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A semiconductor manufacturing tour

When it comes to physics, university and industrial R&D are tackling quite the same challenges. Neuroengineering Master Students of TUM spending a day together with semiconductor engineers - this has been the setting for new perspectives and many questions asked by very curious neuroengineering students. A report on TUM students visiting Texas Instrument's European headquarter in Freising. 

Research and development in industrial scale

During the first semester course "Mixed Signal Electronics in Neuroengineering", students of TUM/ENB Elite Master Program in Neuroengineering study the interaction between neural tissue and electronic circuits and explore tools to record from or to stimulate cells. This all requires a profound knowledge in neuro-physiological aspects and in physical as well as electrochemical properties. The process chain includes neural recording, signal pre-processing such as filtering and amplification, performed on application-specific hardware combining analog and digital domain. During this course, students are tackling challenges in theory and in hands-on lab sessions likewise.

In January 2020, a student of the Elite Graduate Program "Neuroengineering" de­le­ga­tion visited Texas Instrument's European headquarter in Freising. This visit, ac­com­pa­nied by TUM/MSNE associated faculty professors, turned out to be a great opportunity for neuroengineering students to extend their scope towards a more entrepreneurial per­spec­tive on semiconductor research and de­ve­lop­ment. The morning session included a presentation on semiconductor ma­nu­fac­turing, followed by several more technology-oriented discussions on next-ge­neration micro­controller technologies and elec­tro­che­mi­cal sensor de­ve­lop­ment. After a lunch break spent together, TI engineers showed their semiconductor production fab and explained labs for industrial-scale chip testing and characterization in detail.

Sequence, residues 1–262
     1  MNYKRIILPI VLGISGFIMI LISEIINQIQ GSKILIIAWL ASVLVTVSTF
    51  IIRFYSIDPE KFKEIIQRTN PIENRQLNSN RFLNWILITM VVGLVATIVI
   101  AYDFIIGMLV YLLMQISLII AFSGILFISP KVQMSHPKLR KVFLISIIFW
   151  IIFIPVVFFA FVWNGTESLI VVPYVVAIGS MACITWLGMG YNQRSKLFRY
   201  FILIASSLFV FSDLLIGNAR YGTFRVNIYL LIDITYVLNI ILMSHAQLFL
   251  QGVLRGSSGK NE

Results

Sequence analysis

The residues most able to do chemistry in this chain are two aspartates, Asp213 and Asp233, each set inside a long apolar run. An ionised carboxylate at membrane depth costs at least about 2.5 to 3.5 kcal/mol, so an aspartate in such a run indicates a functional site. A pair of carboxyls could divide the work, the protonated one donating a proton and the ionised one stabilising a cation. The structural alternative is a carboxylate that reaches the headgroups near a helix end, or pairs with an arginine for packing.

Student feedback

Neuroengineering students, associated faculty and - quite recently - an international expert’s board reviewing the study program in neuroengineering, all emphasized that events such as excursions and contacts to research-oriented industry are a core asset of the study program.

Eric Ceballos Dominguez, MSNE student and one of the student representatives, summarizes the student visit at Texas Instruments retrospectively:

“Our visit to the Texas Instruments headquarters in Freising allowed us to gain insight into an expertise that is not necessarily taught during our classes in the program: the knowledge of balancing innovative approaches from research with their economic profitability. With the trend in miniaturization of the past century and the era of Nano­systems on the horizon, electronic components are increasingly limited by physical constrains. We learned in Prof. Wolfrum’s classes about electronics on a neurocellular level, and the visit to Texas Instruments gave us a better understanding of the en­gi­nee­ring behind the microscopic electronics that we use for our neuro-recording methods.
I personally liked the discussions we had with employees of TI as it made me understand that theory and practical application, while tightly tied together, introduce different sets of challenges and thus require different approaches to solve them. I want to thank Prof. Wolfrum and Texas Instruments for organizing this insightful visit.”

Text: Elite Graduate Program "Neuroengineering"